9. Use the 6mm bowl gouge to make the initial cuts down the inside of the rim. Now the flute is in the 2 o’clock position with the bevel in contact with the underside of the rim. Press the gouge gently in and to the right. The gouge removes wood fairly quickly and easily with the bevel in contact on the underside of the rim – see diagram (a) – but soon there is a need to work further down the lower curve of the bowl. The gouge cannot easily be used to do this, and diagram (b) illustrates how the shape of the rim makes it impossible to cut across the bowl with the bevel supported. In this position there is little control over the tool other than a strong grip on it – this is a catch waiting to happen

Photo 9

10. Scrapers, on the other hand, are designed to be used with no support from the bevel, and so the small gouge can be replaced with a homemade 6mm scraper. This tool is used to gradually extend the cut sideways towards the bottom of the bowl until there is enough room to present a bowl gouge correctly

Photo 10

11. Reverting back to the 13mm bowl gouge, remove the waste from the centre of the bowl, although access near the rim is still very limited; I had to leave a ‘bump’ for removal later

Photo 11

12. With most of the waste taken out of the bowl centre, the bump was removed by light cuts from scrapers, finishing up with the final cuts from a large 38mm scraper held horizontally with the cutting edge exactly on centre height

Photo 12

13. Use callipers frequently to check the wall thickness and keep it fairly even, and take care to make sure that the transition from the rim curve to the bowl curve is as smooth and ‘bump free’ as possible

Photo 13

14. Hand sand the underside of the rim from 120 grit down to 400 grit before power sanding the more accessible interior of the bowl through the same grits. The interior and the rim can then be sealed and polished in the same way as the bottom of the bowl

Photo 14

Removing the spigot
15. Finally, reverse the bowl onto the vacuum chuck and remove the spigot and centre of the foot with the 10mm gouge, leaving the 6mm bead standing proud. The final scraping cuts are made with the gouge on its side, using the horizontal lower wing as a scraper. The same job could perhaps be done more easily with a straight scraper, but sometimes the right tool for the job seems to be the one you already have in your hand! A final sanding and polishing finish the job and it can be removed from the chuck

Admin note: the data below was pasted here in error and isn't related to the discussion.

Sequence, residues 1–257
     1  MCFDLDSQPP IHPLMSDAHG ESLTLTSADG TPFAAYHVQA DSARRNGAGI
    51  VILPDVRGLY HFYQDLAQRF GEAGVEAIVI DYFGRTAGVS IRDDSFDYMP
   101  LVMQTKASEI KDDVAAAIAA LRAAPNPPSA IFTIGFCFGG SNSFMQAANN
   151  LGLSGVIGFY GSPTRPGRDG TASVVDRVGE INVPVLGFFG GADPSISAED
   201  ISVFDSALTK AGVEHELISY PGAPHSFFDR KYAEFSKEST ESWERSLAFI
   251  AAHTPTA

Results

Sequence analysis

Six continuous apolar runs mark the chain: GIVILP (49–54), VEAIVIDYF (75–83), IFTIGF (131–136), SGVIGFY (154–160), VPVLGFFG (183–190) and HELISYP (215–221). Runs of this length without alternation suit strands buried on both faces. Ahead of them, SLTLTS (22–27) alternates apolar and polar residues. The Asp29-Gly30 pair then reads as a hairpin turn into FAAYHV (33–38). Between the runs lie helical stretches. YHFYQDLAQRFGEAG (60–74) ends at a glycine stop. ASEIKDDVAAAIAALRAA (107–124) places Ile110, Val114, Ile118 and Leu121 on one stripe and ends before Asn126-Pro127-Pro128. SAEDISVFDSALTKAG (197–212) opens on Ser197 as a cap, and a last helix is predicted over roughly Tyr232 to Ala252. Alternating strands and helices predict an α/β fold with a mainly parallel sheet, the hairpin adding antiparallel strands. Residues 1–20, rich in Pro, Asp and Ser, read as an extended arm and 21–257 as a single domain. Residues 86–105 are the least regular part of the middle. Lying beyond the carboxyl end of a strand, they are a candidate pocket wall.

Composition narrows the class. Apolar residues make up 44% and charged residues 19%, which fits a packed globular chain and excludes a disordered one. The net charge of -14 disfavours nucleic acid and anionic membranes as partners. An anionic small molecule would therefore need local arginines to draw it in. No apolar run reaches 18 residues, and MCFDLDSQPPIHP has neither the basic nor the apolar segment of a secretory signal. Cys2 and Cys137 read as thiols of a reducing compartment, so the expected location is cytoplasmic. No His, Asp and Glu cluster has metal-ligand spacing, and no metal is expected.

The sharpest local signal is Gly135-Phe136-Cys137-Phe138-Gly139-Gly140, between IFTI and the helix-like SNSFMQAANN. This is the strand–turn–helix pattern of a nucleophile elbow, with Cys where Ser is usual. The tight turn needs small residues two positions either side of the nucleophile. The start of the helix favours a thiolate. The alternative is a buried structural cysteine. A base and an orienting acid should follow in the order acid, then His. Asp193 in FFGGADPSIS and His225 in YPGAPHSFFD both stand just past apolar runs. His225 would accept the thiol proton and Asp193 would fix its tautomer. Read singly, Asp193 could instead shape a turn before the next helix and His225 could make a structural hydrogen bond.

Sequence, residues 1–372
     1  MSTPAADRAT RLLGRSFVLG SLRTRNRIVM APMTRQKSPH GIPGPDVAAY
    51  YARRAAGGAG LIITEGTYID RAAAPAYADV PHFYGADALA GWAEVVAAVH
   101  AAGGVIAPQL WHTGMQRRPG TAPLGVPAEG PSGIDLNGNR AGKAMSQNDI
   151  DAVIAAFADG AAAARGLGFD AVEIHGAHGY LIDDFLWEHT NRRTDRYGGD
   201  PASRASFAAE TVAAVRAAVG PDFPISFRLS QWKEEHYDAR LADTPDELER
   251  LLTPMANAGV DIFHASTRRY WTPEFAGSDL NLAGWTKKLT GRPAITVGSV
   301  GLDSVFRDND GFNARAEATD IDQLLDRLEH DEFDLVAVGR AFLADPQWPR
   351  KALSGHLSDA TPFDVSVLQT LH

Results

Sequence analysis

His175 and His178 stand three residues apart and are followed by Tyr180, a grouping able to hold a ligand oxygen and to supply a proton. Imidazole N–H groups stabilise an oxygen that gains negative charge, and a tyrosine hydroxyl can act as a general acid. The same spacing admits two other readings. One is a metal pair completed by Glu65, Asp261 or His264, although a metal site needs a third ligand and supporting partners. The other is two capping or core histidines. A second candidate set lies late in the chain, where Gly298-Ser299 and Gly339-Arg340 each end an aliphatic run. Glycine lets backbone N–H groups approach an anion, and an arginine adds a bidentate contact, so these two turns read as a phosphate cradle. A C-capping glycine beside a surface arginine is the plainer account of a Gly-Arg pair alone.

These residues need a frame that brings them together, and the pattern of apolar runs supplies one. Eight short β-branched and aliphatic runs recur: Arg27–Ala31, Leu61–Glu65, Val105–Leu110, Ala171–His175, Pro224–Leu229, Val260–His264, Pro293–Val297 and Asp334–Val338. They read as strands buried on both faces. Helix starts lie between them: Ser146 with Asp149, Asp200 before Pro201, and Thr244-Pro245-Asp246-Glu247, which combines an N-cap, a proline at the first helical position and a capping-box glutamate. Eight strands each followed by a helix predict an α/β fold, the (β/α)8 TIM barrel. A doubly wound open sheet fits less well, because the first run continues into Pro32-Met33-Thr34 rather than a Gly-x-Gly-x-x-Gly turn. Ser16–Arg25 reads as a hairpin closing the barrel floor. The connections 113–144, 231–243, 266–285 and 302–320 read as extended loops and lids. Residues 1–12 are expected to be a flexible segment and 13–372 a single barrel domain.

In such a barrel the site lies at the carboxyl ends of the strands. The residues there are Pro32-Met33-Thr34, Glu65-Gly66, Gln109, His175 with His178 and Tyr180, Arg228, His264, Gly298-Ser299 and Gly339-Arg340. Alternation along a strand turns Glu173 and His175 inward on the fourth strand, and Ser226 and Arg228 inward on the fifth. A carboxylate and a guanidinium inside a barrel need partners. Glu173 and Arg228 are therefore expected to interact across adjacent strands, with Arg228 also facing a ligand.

Photo 15

16. The finished spalted beech bowl should look something like this

Photo 16

It doesn’t have to be spalted wood…
17, Finding spalted timber at just the right point for turning can be tricky and it is always difficult to predict just what the outcome will be – but of course, that’s part of the attraction. Just as striking and unpredictable as spalted timber, are burrs – or burls – and none more so than those from Australia. Collectively known as ‘Goldfield burls’, they are more tightly formed than our native oak (Quercus robur) or elm (Ulmus procera) burrs with fewer cracks, gaps or splits in them, and they take an excellent finish. With this material you have to take what you can get and pieces are often odd shapes that don’t lend themselves to conventional bowl making

Photo 17

18, This piece of brown mallee (Eucalyptus dumosa) burl was extremely hard and closely knit. Despite drilling the correctly sized pilot hole it was difficult to screw it onto the screw chuck so that holding recesses could be cut in the underside. Reversed first on one recess then on the other, the two bowls were hollowed quite easily with a freshly sharpened gouge, taking very light cuts to maintain clean edges where they overlap. I’m indebted to Philip Streeting for giving me this piece of burr

Photo 18

Handy Hints
1. When purchasing spalted wood, examine it carefully for regions that have ‘gone too far’. In a very real sense, spalting is just another name for rotting and it gradually destroys the fibre structure of the wood making it soft, porous and almost impossible to work to a good finish. If you can dig your fingernail into areas of the timber it is almost certainly going to cause you problems when you attempt to turn it
2. If your spalted timber is wet, put it somewhere where it will dry out fairly quickly, but not so fast that it might crack. Spalting only happens in wet timber. Drying it stops any further spalting
3. If your timber isn’t spalted enough then wrap it in plastic film to keep it moist and put it in a warm place to promote spalting. Be sure to check regularly to make sure it’s not gone too far. I confess I’ve never had much luck with this myself
4. There is argument about whether the fungal spores that remain in the timber are harmful or not. I can’t give a definitive answer but, about 15 years ago I ended up in hospital with pneumonia caused by fungi – they told me. It may be irrelevant, but I had been turning spalted beech, without a mask, about a fortnight before this diagnosis. Fortunately I recovered, although I still get short of breath very easily. Wear a good quality dust mask of at least PP2 standard
5. It may be worth experimenting with wood hardeners or soaking with cyanoacrylate or epoxy resin etc., to stabilise punky regions and make them easier to turn to a decent finish. There are no magic answers. You have to try it and see 6. Beech is the timber of choice for kitchenware, chopping boards, food bowls and the like, because it is known to be ‘food safe’. However, I’m pretty sure that does NOT extend to spalted beech. Do not use it for food contact, babies’ rattles or any similar situation where fungal spores may be ingested. It’s common sense, isn’t it?